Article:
Why am I reading about Law?

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Recently I have started reading books and web sites about the Australian Legal system. Why on earth are you doing this Charles? You have NEVER been interested in Law!

It is true. When I was at school I liked science and mathematics and disliked wordy subjects like English. I preferred the world of certainy, numbers, logic and scientific method. Some of my friends studied law at Sydney University and the College of Law but I didn’t envry all the reading they had to do.  Besides, I didn’t have marks to do a law course.

So why the interest now?  The only dealings I have had with the “Law” since my school days can be summarised as follows:

Road Related. Being stopped by the police for exceeding the speed limit (twice) and using a transit lane in peak hour on the Gladesville bridge. In my gung ho twenties, the Law could only mean the Police.

Jury Duty. I have been called up to do Jury Duty on several occasions but I had to excuse myself with Statutory Declarations because I was travelling for business.

Conveyancing.  Purchasing a home unit and a house required the services of a solicitor for the necessary documents for purchasing a property. The solicitor used old-world legalese in his writing and reminded me of a character from a Charles Dickens novel.

Will.  My first will was prepared by my school friend Philip Bell who was then working at a law firm in Parramatta.

Canberra. I have visited Canberra many times and visited the High Court building, Old Parliament House (well, it was the only Parliament house for many decades) and the new Parliament House. I admired the architecture but not really sure of how the political system worked in detail.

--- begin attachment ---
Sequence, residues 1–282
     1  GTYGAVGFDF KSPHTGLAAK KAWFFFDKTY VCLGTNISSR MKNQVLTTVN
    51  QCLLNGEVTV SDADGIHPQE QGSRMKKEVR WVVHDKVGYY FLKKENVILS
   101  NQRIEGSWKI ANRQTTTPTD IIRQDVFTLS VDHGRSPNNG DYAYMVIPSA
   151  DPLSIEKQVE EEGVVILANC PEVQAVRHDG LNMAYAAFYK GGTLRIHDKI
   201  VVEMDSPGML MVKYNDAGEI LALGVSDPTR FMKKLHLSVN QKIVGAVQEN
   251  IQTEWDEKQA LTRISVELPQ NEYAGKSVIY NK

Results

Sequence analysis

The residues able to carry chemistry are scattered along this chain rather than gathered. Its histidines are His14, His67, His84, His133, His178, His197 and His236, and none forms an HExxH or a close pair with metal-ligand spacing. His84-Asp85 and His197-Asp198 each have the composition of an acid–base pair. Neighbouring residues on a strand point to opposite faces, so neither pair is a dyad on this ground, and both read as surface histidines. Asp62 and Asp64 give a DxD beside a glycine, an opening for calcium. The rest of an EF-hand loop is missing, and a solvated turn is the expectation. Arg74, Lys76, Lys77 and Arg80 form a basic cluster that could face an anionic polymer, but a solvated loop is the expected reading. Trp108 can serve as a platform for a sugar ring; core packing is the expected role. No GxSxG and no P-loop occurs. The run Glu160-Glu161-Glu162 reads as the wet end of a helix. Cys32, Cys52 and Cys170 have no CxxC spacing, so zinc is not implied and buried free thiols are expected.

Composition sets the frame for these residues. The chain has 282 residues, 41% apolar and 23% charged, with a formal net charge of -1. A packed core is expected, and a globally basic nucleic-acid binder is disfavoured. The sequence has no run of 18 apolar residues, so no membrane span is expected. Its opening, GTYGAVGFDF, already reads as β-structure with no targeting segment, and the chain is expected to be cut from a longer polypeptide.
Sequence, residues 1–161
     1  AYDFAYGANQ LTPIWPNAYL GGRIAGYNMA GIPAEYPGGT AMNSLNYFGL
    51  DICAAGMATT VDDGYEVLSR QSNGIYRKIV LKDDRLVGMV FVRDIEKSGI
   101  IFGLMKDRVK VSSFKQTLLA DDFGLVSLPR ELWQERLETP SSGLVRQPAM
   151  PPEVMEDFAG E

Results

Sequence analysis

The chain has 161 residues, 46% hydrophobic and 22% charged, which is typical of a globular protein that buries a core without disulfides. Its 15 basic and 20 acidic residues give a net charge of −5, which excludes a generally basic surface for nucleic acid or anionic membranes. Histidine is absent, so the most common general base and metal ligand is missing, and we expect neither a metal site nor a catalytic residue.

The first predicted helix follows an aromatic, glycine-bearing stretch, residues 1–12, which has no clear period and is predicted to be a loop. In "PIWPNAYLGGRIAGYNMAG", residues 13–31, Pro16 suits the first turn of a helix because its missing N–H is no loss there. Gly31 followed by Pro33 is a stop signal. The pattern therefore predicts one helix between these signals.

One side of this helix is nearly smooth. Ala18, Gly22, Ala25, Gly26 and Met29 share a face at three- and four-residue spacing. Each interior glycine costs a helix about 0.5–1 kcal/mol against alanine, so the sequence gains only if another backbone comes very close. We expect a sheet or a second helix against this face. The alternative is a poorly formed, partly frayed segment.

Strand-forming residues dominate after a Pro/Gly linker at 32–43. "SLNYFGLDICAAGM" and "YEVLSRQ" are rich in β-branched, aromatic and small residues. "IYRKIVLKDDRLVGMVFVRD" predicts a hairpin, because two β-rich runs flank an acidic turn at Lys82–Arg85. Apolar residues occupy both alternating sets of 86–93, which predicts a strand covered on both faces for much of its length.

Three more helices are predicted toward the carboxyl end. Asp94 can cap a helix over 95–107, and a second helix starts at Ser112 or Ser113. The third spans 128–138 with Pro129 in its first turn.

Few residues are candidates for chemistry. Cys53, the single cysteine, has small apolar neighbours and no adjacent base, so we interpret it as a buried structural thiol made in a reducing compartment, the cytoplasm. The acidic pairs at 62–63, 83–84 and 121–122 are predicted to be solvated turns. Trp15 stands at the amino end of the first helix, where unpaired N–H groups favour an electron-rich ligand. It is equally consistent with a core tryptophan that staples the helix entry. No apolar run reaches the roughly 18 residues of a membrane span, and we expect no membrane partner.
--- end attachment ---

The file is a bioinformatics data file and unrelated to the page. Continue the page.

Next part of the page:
Law Society of NSW. When working for a software company in 1995, one of our customers was the Law Society of NSW. I visited their offices several time as we converted an application (for registration of solicitors) to use our database software.

My interest in Law was sparked when I needed to get our wills updated and enduring Powers of Attorney. Some people say you can do this yourself … it is just a document. I doubted this and engaged the services of a local solicitor to draw up the documents.

I wanted to know more so started using Google to search for Acts of Parliament relating to Probate. But first I needed to understand the big picture so I borrowed “Understanding Law” (7th Edition) by Chisholm and Nettheim.

The most interesting insight was how Australian Law started as a clone of English Law then updated through Parliament. I also learnt about the two main origins of law – legislation (Commonwealth and State) and the court system.  The underlying source of authority for the system is the Australian Constitution so I have gone so far as reading every word of the Constitution.

When I was at school the subject of Legal Studies didn’t exist, but lately I have read two more library books for this HSC subject. This has given me further perspective on such areas as Law and the Environment, Native Title and the Mabo ruling, Criminal Law and Evidence.

At my point in reading, I am now reading and learning more about English legal history, the colonisation of Australia, Federation and the Australian Constitution, How Federal and State Parliament works, the court hierarchy – High Court, Supreme Court, District and Local Courts. Last week I bought an 800 page 2nd hand Australian Business Law text book for $10 so that will keep me busy.

As well as libraries, I have found many useful web sites were Commonwealth and State Law can be accessed, Law Reports as well as the web sites for the various courts and law making bodies. More about these in later blog articles.

Law is wordy but I don’t envy the reading load of Law students.

Law has logic and reasoning but has a lot of fuzzy edges to keep lawyers and courts busy.

Law  affects so many parts of our daily lives: Driving, working, buying, selling, eating, living and dying.

Law is everywhere.

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Author: charuzu

I live in Sydney and interests include music, piano playing, technology, cooking, English language, public speaking, Toastmasters, Asian culture (especially Japan and Korea), cinema, personal development, productivity and making friends with people from around the world.

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